The story goes that Sir Walter is said to have wooed George the 4th by telling him he was indeed descended from ancient Scottish kings (a bit of a stretch at best!) and by getting him into a kilt…pink tights and all! It should be noted the Sir John, along with General David Stewart of Garth, would have been instrumental in bringing in the military elements they knew well, who were vital to a royal exposition.
What is beyond doubt is the MacGregors were given pride of place as the Guard of Honour for the Kings Regalia – the Crown (dating from 1570) and the Scepter - escorting them in the parade from Holyrood up to Edinburgh Castle with a contingent of 70 MacGregors in splashing new red MacGregor kilts financed by Sir John, and likely the envy of other clans attending.
Sadly Sir John MacGregor Murray dies in June, 1822, just two months before the king’s visit. We have diary entries for him a year earlier when he traveled to Glen Orchy, the MacGregor homeland to see Dalmally kirk where the carved stone monuments of his ancestors lay. But it will be his son, Sir Evan Murray MacGregor, who will lead the MacGregors as chief in the 1822 march
Nor is Sir Evan any less an inspiration than his father. Cited for his leadership during the harsh Peninsular Campaign during the early Napoleonic wars, Evan is chosen to command a Scottish contingent in the Anglo-Maratha Wars in India (1817-19). In attempting to take the surrender of the killedar (‘commander’) of Fort Talneir, Evan and a small party of men including his cousin Peter are treacherously ambushed inside the fort. Peter is shot dead and Evan receives 14 wounds including slashes to his face and nearly having his right arm cut off. When the Scots break through, the killedar is hung over the outer wall with no prisoners taken.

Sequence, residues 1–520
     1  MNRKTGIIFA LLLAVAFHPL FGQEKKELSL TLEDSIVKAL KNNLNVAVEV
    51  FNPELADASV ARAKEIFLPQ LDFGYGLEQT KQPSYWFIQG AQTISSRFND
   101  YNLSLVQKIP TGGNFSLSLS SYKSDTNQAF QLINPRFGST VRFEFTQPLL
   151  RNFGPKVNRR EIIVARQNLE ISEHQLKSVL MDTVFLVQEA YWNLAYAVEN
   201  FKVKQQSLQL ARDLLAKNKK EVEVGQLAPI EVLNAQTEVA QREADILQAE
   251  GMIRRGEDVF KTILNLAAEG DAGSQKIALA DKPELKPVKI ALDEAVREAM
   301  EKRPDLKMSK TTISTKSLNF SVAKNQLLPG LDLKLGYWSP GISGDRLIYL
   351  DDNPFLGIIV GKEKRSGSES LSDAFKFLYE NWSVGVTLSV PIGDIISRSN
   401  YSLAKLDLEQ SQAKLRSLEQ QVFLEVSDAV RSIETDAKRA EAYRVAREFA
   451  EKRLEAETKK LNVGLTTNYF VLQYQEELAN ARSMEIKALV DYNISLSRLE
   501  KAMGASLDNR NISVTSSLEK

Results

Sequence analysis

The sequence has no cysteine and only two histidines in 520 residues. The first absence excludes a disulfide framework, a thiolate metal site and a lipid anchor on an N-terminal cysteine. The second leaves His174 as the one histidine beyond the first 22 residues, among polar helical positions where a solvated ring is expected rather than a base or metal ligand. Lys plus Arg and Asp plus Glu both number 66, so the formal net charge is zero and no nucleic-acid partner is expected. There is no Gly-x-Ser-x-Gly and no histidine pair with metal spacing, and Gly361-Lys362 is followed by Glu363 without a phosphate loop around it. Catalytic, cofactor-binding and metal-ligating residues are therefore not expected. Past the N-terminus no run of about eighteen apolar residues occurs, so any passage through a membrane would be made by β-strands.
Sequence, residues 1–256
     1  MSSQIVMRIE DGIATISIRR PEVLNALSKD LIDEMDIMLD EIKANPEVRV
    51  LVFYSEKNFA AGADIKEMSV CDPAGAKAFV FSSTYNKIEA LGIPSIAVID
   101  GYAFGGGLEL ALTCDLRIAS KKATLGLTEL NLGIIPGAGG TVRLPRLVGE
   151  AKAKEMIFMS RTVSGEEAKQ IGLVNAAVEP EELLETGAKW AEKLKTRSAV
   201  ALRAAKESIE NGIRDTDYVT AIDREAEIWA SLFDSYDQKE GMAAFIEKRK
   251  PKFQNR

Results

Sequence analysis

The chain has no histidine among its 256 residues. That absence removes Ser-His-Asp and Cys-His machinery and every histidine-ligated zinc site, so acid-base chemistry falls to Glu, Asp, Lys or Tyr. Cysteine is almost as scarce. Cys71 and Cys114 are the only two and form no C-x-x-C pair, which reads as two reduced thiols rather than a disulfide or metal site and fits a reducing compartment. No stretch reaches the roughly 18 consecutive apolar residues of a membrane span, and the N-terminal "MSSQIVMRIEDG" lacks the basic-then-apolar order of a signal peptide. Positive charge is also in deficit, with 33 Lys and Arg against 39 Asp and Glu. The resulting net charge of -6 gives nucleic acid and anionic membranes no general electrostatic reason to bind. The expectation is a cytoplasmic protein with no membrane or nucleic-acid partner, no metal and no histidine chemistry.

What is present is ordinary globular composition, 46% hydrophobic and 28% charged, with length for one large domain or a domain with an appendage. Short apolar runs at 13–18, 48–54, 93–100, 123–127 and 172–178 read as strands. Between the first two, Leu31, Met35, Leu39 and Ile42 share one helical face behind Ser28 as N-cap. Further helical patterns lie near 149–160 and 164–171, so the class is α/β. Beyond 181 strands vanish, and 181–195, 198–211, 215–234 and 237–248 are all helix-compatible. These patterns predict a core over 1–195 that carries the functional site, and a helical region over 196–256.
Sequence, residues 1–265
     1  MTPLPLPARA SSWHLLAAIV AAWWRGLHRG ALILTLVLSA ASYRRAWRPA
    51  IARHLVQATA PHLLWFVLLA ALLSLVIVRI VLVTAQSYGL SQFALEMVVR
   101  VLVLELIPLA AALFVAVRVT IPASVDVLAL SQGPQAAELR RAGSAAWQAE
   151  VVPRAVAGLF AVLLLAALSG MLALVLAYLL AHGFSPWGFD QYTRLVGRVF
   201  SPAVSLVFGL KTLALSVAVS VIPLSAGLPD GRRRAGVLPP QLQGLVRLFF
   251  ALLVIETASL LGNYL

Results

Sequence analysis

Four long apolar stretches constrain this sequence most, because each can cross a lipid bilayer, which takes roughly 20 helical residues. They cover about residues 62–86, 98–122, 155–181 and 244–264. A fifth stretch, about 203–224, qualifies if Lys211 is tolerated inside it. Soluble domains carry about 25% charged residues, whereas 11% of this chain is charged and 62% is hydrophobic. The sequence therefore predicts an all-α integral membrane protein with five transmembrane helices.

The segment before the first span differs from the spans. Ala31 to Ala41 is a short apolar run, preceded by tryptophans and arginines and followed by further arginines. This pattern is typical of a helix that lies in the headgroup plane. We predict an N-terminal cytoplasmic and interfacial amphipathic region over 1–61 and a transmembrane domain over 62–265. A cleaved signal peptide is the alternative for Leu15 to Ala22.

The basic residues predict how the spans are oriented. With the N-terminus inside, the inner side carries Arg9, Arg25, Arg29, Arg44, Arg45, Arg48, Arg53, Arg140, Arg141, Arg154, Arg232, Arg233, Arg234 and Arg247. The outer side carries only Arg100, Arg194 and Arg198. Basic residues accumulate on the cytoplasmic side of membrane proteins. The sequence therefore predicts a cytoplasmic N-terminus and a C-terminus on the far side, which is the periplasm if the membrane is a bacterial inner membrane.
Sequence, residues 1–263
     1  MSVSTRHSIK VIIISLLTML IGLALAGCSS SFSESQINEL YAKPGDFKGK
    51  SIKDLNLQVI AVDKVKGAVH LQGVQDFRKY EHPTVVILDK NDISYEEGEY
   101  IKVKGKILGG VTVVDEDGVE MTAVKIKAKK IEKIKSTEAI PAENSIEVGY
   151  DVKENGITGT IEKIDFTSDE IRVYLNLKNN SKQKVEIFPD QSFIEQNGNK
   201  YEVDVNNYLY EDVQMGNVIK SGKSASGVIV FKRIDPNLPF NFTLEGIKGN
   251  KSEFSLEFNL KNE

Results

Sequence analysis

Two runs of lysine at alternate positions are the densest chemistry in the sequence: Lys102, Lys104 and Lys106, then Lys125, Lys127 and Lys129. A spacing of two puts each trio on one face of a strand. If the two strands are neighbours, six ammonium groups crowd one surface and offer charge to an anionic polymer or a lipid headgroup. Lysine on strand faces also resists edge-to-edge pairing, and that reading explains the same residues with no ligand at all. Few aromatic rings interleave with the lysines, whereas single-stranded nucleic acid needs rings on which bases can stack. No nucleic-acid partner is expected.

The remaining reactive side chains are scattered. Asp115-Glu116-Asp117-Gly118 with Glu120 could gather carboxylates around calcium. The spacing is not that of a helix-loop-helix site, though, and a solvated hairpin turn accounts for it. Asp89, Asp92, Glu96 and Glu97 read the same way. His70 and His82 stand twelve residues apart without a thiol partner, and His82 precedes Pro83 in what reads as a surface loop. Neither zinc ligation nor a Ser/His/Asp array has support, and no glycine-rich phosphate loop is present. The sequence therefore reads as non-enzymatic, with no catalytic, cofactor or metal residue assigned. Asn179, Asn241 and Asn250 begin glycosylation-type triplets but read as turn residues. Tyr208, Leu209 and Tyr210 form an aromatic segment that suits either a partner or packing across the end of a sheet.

This event will end Evan’s military career, and it is much to his credit that, a mere five years later, he ably leads the MacGregor contingent up the Royal Mile to present the King’s Honours. He is memorialized in his toast to King George, mentioned by Clark, during the Royal Banquet at Holyrood – “To the Chief of Chiefs – the King!”.
In the aftermath of the “Celtic Revival”, “the King’s Jaunt” or as others called it, “the 21 Daft Days”, we note the establishment of the first Scottish clan societies which now exist around the world. In 1823, supported by a petition of some 2600 names, the Clan Gregor Society of Scotland becomes the third clan to confirm that status.
In closing, much of the successful transition in elevating the image of Highlanders in the early 19th century is owed to Scott’s pen and his knack for embracing Scottish history. There can be no denying the impact of the popular historic novel upon the imagination of Europeans and then the world. That creative vision (and I romanticize a bit here), seems to come at the perfect moment in time allowing Sir Walter Scott to influence the course of both literature and history, which is never easily done.
Keith MacGregor, North American Representative
The Clan Gregor Society of Scotland